Example 5

Resin particles were produced in the same manner as in Example 3, except that unlike in Example 3, the temperature condition in the heat press step was set to 170 degrees C.

The obtained resin particles were observed with a scanning electron microscope. As a result, almost no coarse particles formed by mutual adhesion of particles were confirmed, but there was a bit greater cutting length variation, and particles having a length of about 80 micrometers were observed more or less. Moreover, there was an increase in the amount of particles cut redundantly, and the particle size distribution was slightly broader than in Example 1. However, it was possible to obtain a powder formed of resin particles having an almost uniform particle shape.

Example 6

Resin particles were produced in the same manner as in Example 3, except that unlike in Example 3, the temperature condition in the heat press step was set to 140 degrees C.

The obtained resin particles were observed with a scanning electron microscope. As a result, almost no coarse particles formed by mutual adhesion of particles were confirmed, but there was a bit greater cutting length variation, and particles having a length of about 90 micrometers were observed more or less. Moreover, there was an increase in the amount of particles cut redundantly, and the particle size distribution was slightly broader than in Example 1. However, it was possible to obtain a powder formed of resin particles having an almost uniform particle shape.

Example 7

Resin particles were produced in the same manner as in Example 3, except that unlike in Example 3, the temperature and pressure conditions in the heat press step were changed to 170 degrees C. and 5 MPa.

The obtained resin particles were observed with a scanning electron microscope. As a result, no coarse particles formed by mutual adhesion of particles were confirmed, and it was possible to obtain a powder formed of resin particles with small cutting length variation and a very few erroneous cutting such as redundant cutting and diagonal cutting, having a sharp particle size distribution, and having an approximately uniform particle shape.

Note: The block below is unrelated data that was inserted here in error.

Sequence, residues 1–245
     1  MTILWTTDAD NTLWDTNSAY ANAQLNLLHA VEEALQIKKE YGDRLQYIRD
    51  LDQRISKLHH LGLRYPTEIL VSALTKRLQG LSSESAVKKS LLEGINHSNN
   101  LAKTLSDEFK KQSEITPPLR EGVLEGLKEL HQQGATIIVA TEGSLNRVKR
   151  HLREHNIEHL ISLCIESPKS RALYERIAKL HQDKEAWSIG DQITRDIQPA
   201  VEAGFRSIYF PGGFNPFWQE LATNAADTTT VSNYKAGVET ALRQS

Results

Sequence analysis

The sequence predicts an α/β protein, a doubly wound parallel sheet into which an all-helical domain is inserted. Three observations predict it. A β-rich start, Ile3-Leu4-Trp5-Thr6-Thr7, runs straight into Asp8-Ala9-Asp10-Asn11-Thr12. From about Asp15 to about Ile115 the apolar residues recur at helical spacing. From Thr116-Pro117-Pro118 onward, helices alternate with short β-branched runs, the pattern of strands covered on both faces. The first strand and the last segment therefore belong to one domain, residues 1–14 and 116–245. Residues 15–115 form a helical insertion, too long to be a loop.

Example 8

Resin particles were produced in the same manner as in Example 3, except that unlike in Example 3, fibers prepared in the manner described below using a polypropylene (PP) resin instead of a polybutylene terephthalate (PBT) resin were used and the temperature condition in the heat press step was changed to 140 degrees C.

With an extruder (available from Japan Steep Works, Ltd.) with nozzle openings having a circular shape, pellets of a polypropylene (PP) resin (product name: NOVATEC MA3, available from Japan Polypropylene Corporation, with a melting point of 180 degrees C. and a glass transition temperature of 0 degrees C.) were subjected to drawing after stirred at a temperature higher than the melting point by 30 degrees C., so as to be formed into fibers. With the number of fibers to be discharged from the nozzles set to 60 fibers and the draw ratio set to about 4 times, drawn fibers having a fiber diameter of about 60 micrometers and containing a thermoplastic resin were obtained. The obtained fibers were measured by DSC with an instrument named: DSC Q200 (available from TA Instruments), to find that the melting point was 165 degrees C.

The obtained resin particles were observed with a scanning electron microscope. As a result, no coarse particles formed by mutual adhesion of particles were confirmed, and it was possible to obtain a powder formed of resin particles with small cutting length variation and a very few erroneous cutting such as redundant cutting and diagonal cutting, having a sharp particle size distribution, and having an approximately uniform particle shape.

Comparative Example 1

Resin particles were produced in the same manner as in Example 1, except that a bundle of thermoplastic resin-containing drawn fibers (drawn fibers of PBT) obtained in the same manner as in Example 1 was, without being prepared in the form of a fiber aggregate, set on a cutting table without being secured on the cutting table, and cut.